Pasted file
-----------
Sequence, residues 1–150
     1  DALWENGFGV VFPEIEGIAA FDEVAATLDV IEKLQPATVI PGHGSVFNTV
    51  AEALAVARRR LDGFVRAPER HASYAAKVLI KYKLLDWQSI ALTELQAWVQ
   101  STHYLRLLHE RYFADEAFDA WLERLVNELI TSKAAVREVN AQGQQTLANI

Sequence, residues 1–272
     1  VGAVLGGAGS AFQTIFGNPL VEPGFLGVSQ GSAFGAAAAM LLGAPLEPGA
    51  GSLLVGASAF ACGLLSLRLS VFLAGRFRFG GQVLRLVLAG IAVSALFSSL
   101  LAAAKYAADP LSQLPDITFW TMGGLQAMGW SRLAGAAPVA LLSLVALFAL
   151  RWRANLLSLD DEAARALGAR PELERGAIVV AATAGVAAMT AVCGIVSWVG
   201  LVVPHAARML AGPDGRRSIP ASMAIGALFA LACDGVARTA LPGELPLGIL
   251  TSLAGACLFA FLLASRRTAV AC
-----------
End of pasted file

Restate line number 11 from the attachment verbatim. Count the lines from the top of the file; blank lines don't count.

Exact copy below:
   251  TSLAGACLFA FLLASRRTAV AC